30. The computer-readable storage medium of claim 25, where said computer executable instructions for analyzing said execution information to produce cumulative access and co-access information from said at least one database object further comprise:
computer executable instructions for breaking at least one of said queries into two or more non-blocking sub-plans; and
where said computer executable instructions for producing access graph information comprise computer executable instructions for using said non-blocking sub-plans in determining said node weight and edge weight values.
31. The computer-readable storage medium of claim 30, where said non-blocking sub-plans contain no database objects acted upon by blocking operators.
32. The computer-readable storage medium of claim 30, where said computer executable instructions for generating a database layout using said cumulative access and co-access information comprise:
computer executable instructions for determining a cost for a database layout being evaluated.
33. The computer-readable storage medium of claim 32, where said computer executable instructions for
determining a cost for a database layout being evaluated comprise:
computer executable instructions for summing over each non-blocking sub-plan in said workload an overall estimated time to execute said non-blocking sub-plan.
34. The computer-readable storage medium of claim 33, where said computer executable instructions for
determining a cost for a database layout being evaluated further comprise:
computer executable instructions for calculating for each non-blocking sub-plan in said workload the estimated storage object response time for each of said storage objects to respond to said non-blocking sub-plan; and where said overall estimated time to execute said non-blocking sub-plan comprises the largest of said estimated storage object response times for said non-blocking sub-plan.
35. The computer-readable storage medium of claim 34, where said estimated storage object response time comprises an estimated transfer cost for said storage object and said non-blocking sub-plan and an estimated seek cost for said storage object for said non-blocking sub-plan.
36. The computer-readable storage medium of claim 35, where said estimated transfer cost for said storage object and said non-blocking sub-plan comprises the sum, over all database objects accessed in said non-blocking sub-plan, of the product of the fraction of said database object stored on said storage object and the number of blocks of said storage object accessed in said non-blocking sub-plan divided by a transfer rate for said database object.
37. The computer-readable storage medium of claim 25, where said computer executable instructions for generating a database layout using said cumulative access and co-access information comprise:
computer executable instructions for determining a cost for a database layout being evaluated.
38. The computer-readable storage medium of claim 37, where said computer executable instructions for
determining a cost for a database layout being evaluated comprise:
computer executable instructions for summing over each query in said workload an overall estimated time to execute said query.
39. The computer-readable storage medium of claim 38, where said computer executable instructions for
determining a cost for a database layout being evaluated further comprise:
computer executable instructions for calculating for each query in said workload the estimated storage object response time for each of said storage objects to respond to said query; and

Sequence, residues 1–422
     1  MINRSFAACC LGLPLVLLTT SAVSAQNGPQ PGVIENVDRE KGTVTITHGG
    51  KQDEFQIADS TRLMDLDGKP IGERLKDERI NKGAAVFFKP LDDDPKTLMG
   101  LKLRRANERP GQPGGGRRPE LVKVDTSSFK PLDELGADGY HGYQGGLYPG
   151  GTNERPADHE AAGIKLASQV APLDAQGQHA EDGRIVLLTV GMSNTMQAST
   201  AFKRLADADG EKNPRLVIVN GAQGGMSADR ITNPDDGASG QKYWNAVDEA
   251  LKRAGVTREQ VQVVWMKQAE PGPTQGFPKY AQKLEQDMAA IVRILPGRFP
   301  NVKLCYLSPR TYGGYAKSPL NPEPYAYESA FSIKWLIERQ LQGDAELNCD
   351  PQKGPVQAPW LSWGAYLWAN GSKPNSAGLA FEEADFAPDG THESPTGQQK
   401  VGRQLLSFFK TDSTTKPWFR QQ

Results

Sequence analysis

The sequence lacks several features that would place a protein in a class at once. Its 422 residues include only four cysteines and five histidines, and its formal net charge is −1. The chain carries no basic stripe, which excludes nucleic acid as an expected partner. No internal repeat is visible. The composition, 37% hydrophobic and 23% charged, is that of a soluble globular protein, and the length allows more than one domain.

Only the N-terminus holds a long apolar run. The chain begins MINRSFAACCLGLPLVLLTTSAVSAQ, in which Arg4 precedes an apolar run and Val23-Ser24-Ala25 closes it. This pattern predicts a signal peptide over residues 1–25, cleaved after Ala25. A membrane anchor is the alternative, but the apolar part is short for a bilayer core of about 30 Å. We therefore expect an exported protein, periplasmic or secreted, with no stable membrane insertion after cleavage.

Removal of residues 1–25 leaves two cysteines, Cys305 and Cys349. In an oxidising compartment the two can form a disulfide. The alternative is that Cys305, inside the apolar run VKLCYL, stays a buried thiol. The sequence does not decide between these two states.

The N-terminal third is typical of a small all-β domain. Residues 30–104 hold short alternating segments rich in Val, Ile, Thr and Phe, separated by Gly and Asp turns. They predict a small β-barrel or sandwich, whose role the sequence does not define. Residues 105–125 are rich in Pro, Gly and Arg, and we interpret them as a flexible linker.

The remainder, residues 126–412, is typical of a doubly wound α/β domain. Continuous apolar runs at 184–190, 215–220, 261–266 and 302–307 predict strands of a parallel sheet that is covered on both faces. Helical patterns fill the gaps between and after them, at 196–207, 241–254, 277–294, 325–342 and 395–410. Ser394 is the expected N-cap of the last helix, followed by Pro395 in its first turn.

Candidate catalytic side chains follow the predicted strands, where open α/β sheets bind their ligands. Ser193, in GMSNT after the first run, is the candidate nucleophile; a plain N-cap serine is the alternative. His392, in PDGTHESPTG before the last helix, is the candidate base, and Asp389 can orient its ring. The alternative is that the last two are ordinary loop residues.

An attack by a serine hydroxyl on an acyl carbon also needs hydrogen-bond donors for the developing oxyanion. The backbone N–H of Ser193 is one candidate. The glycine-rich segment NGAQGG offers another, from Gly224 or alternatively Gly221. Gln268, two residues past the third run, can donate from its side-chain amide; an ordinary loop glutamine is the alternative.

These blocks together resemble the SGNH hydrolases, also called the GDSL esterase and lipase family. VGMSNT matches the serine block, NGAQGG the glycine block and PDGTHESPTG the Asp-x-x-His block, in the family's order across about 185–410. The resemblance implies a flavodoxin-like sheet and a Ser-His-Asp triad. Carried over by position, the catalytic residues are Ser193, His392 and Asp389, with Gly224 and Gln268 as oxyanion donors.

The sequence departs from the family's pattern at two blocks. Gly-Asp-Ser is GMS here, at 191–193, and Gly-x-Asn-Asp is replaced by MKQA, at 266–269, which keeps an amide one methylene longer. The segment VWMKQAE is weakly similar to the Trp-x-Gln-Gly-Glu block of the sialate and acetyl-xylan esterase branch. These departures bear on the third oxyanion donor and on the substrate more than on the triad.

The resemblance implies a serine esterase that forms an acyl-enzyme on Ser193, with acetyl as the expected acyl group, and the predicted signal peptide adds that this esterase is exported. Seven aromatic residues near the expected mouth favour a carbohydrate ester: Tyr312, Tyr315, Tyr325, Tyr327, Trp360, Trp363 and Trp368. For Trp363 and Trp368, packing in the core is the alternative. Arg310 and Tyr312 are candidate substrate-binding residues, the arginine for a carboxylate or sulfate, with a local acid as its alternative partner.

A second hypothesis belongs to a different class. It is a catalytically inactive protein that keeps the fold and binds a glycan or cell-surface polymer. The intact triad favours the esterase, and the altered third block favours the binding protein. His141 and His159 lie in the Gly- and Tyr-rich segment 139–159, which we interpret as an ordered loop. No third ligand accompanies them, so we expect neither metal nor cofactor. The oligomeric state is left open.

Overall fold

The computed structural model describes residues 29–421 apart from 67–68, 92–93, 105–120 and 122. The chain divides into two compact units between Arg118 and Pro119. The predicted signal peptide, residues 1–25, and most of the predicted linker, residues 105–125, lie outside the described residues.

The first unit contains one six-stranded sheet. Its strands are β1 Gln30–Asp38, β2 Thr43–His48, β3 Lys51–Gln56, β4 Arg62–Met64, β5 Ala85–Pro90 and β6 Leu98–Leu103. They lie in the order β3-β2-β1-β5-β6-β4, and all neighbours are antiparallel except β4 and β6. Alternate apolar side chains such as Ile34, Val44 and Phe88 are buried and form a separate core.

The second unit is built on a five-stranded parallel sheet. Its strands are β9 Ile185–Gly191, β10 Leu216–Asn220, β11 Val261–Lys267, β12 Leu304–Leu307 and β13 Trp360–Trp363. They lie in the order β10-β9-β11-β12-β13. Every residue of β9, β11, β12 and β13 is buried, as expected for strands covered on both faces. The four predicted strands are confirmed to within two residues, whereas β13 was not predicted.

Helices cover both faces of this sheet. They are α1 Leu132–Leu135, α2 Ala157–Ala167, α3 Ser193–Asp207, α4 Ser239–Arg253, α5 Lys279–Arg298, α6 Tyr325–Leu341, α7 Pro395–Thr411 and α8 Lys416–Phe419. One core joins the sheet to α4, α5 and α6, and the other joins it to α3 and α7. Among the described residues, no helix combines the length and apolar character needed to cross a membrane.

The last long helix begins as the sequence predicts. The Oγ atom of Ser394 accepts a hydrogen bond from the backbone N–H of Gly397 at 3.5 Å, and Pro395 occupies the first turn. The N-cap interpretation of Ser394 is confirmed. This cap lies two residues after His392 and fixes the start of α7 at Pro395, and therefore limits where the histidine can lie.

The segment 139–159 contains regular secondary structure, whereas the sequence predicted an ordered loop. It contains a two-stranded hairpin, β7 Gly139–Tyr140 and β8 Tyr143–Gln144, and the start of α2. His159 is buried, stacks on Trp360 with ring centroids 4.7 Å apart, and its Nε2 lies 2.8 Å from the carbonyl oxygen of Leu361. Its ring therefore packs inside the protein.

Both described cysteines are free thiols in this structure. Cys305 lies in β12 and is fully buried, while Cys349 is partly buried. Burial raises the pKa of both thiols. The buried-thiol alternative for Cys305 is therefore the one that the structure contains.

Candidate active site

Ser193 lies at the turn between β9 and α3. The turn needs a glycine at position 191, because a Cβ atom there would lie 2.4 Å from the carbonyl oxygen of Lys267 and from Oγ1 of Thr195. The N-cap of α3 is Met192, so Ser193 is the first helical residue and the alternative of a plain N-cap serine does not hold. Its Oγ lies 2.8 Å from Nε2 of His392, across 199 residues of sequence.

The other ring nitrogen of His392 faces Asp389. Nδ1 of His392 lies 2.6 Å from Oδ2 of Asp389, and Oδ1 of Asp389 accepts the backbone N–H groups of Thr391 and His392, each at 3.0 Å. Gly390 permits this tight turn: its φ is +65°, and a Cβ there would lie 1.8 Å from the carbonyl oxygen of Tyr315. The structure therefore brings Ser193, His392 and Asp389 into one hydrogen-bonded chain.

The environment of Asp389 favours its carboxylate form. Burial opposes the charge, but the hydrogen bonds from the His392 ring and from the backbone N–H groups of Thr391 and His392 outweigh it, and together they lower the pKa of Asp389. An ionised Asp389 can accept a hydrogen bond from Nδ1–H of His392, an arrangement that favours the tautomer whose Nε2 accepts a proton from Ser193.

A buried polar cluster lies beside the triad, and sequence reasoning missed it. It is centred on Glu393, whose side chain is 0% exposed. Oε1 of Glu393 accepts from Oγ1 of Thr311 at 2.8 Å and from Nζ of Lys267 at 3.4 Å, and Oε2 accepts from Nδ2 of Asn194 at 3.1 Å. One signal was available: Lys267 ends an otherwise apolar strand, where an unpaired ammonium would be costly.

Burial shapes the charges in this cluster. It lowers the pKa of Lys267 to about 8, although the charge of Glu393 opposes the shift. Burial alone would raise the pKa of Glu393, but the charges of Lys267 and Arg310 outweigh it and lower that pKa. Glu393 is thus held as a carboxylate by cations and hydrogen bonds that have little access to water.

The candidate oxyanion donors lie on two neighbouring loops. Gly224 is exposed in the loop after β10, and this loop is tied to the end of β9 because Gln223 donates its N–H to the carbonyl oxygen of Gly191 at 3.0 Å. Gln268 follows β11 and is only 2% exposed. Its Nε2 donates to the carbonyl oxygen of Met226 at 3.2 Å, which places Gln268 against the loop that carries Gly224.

where said overall estimated time to execute said query comprises the largest of said estimated storage object response times for said query.
40. The computer-readable storage medium of claim 39, where said estimated storage object response time comprises an estimated transfer cost for said storage object and said query and an estimated seek cost for said storage object for said query.
41. The computer-readable storage medium of claim 40, where said estimated transfer cost for said storage object and said query comprises the sum, over all database objects accessed in said query, of the product of the fraction of said database object stored on said storage object and the number of blocks of said storage object accessed in said query divided by a transfer rate for said database object.
42. The computer-readable storage medium of claim 40, where said estimated seek cost for said storage object and said query comprises the product of:
the minimum over all database objects of the product of the fraction of said database object stored on said storage object and the number of blocks of said storage object accessed in said query;
a seek time for said storage object; and
the number of database objects on said storage objects accessed in said query.
43. The computer-readable storage medium of claim 27, where said computer executable instructions for generating a database layout using said cumulative access and co-access information comprise:
computer executable instructions for determining an initial database layout option;
computer executable instructions for determining a second database layout option; and
computer executable instructions for determining whether said second database layout option is an improvement over said initial database layout option.
44. The computer-readable storage medium of claim 43, where said computer executable instructions for determining an initial database layout option comprise:
computer executable instructions for partitioning said access graph into m partitions, where m is a positive integer, using a graph partitioning algorithm so as to maximize the sum of said edge weight values across partitions; and
computer executable instructions for, for each partition, assigning each of said database objects represented in said partition to the smallest set of said storage objects ordered by decreasing transfer rate that (a) can contain said database objects and (b) is disjoint from storage objects previously assigned, if such a set can be identified.